Feb 17 2021

Jan-February 2021 update

ToBRFV introduction prevented

Early detection of an unwanted virus – the Tomato brown rugose fruit virus (ToBRFV) – in a small tomato seed lot has allowed quick action to be taken to contain and prevent it taking hold in New Zealand. All the seeds and resulting plants and plant material have been destroyed.

The virus has had a huge impact on tomato growing in countries where it is present. It is easily transmitted on people, plants and equipment and is very difficult to get rid of. It also affects capsicum.

ToBRFV is a virus that we have been talking to MPI about for the past 12 months. TomatoesNZ pointed out the need to strengthen seed import requirements and new certification and testing measures were put in place early last year to try an minimise the risk of it arriving here.

In early December, industry alerted Biosecurity New Zealand to the presence of ToBRFV in seeds imported from Israel. Although these seeds were imported with a phytosanitary certificate declaring them to be free of ToBRFV based on testing completed offshore, further testing identified a very low level of infection.

This virus is something that we don’t want our growers here to have to face. The industry needs to acknowledge the quick reporting of the seed company, and cooperation of the affected parties, as well as MPI’s quick action to eliminate any risk in this case.  We worked closely with MPI during this process, as a GIA partner, along with Vegetables New Zealand (for capsicums) and Process Vegetables New Zealand (for process tomato growers) and NZ Plant Producers Incorporated (for the nurseries).

Biosecurity New Zealand has been able to account for all of the imported seeds and the plants grown from them. There have been no symptoms or positive tests for ToBRFV from the plants grown from the seeds, which have been restricted to three greenhouse sites in Auckland. While there is no reason to suspect there has been any spread of the disease, all the plants grown from the contaminated seed have been destroyed to manage any residual risk. The three greenhouse sites have also been thoroughly cleaned and disinfected.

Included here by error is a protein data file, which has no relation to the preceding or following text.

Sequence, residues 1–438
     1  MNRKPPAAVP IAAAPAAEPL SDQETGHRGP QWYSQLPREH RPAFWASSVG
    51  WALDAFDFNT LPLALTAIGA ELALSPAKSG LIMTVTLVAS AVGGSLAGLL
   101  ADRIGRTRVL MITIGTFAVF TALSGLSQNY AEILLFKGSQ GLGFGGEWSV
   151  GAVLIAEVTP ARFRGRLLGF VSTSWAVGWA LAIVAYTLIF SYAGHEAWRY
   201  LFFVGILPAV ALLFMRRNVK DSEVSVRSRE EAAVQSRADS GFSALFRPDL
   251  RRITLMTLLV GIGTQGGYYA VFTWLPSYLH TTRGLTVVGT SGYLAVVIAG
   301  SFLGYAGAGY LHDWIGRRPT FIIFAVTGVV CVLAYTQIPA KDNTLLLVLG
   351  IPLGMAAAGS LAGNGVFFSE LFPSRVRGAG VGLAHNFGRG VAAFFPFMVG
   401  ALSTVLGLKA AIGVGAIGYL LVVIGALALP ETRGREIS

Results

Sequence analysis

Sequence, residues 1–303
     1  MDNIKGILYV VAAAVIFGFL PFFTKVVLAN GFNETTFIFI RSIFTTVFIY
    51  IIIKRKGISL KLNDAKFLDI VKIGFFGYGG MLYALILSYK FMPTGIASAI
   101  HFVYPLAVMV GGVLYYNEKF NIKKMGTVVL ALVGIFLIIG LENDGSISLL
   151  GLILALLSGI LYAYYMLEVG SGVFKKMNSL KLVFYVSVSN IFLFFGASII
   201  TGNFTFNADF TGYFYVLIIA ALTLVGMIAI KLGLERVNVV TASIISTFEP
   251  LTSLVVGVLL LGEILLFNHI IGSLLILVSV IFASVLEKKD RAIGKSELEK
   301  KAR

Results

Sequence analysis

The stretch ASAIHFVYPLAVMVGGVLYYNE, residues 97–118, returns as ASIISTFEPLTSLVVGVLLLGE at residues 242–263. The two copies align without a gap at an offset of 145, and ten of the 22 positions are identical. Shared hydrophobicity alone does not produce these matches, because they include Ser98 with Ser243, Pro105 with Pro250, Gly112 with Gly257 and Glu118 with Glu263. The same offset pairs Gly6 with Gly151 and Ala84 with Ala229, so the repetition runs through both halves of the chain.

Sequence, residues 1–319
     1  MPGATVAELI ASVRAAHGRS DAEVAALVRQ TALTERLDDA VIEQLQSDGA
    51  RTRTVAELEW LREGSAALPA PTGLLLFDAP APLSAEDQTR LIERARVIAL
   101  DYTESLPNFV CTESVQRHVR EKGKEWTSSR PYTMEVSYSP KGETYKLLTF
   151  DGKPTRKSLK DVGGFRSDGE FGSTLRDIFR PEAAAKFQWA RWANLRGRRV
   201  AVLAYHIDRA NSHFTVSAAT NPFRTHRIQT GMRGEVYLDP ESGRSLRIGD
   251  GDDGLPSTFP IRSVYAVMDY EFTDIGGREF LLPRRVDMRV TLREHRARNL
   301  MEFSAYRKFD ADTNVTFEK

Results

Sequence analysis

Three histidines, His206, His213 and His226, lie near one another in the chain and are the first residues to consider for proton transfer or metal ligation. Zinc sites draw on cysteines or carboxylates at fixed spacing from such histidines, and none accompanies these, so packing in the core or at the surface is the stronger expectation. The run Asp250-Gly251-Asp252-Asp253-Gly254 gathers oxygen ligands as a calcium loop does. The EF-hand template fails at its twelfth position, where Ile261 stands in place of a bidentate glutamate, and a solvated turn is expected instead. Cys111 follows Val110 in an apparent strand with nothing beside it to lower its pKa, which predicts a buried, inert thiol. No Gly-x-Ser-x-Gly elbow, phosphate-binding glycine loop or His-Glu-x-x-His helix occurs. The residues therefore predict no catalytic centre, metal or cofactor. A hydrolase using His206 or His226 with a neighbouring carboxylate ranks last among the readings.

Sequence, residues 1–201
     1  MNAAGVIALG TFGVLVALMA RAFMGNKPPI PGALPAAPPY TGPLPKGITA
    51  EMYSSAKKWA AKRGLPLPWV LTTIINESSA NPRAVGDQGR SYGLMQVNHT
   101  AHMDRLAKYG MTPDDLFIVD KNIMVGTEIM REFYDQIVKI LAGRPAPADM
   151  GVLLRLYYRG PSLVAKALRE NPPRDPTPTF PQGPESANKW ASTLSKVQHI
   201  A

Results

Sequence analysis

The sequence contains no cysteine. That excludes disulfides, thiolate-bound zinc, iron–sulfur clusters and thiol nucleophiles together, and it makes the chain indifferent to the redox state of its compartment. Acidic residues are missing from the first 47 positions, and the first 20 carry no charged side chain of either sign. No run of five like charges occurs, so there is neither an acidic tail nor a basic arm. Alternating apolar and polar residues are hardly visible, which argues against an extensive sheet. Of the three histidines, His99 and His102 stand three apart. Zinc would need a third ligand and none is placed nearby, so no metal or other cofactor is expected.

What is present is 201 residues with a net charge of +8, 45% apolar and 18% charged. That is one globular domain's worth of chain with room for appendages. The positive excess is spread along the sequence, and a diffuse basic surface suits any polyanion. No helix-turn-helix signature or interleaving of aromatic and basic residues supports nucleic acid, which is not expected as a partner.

As a further precaution, Biosecurity New Zealand destroyed some tomato plants grown from different, uncontaminated seeds that were grown in close proximity to the affected plants at one of the sites.

TomatoesNZ and the GIA partners mentioned above will be contributing a “cost share” towards the biosecurity response costs, which will include any compensation claims from the affected parties. MPI pays 50% of the cost of the response, and the GIA partners split the other 50%. The total response cost is not yet known; however, it will be a lot less that what an outbreak of this virus would have cost the industry.

Tomatoes NZ’s share of the response costs will be paid from funds that are already being collected under the Fresh Tomato Biosecurity Levy.   These levy funds are already also going towards response costs for Fruit Fly (2019) and Tomato Red Spider Mite (2020).

We have had an intense couple of years of working with MPI on biosecurity responses where tomatoes are an impacted crop.  Although we would prefer not to find ourselves in a situation of having to respond to new pests; because of the GIA partnership we have been able to ensure that decisions relating to these new pests are the best ones for industry, balancing the costs of responses with the potential impact of the new pest.

Even though we are confident that the ToBRFV risk has been contained, I recommend that growers review their biosecurity practises and familiarize themselves with the signs and symptoms, and report anything suspicious immediately to the MPI hotline 0800 80 99 66.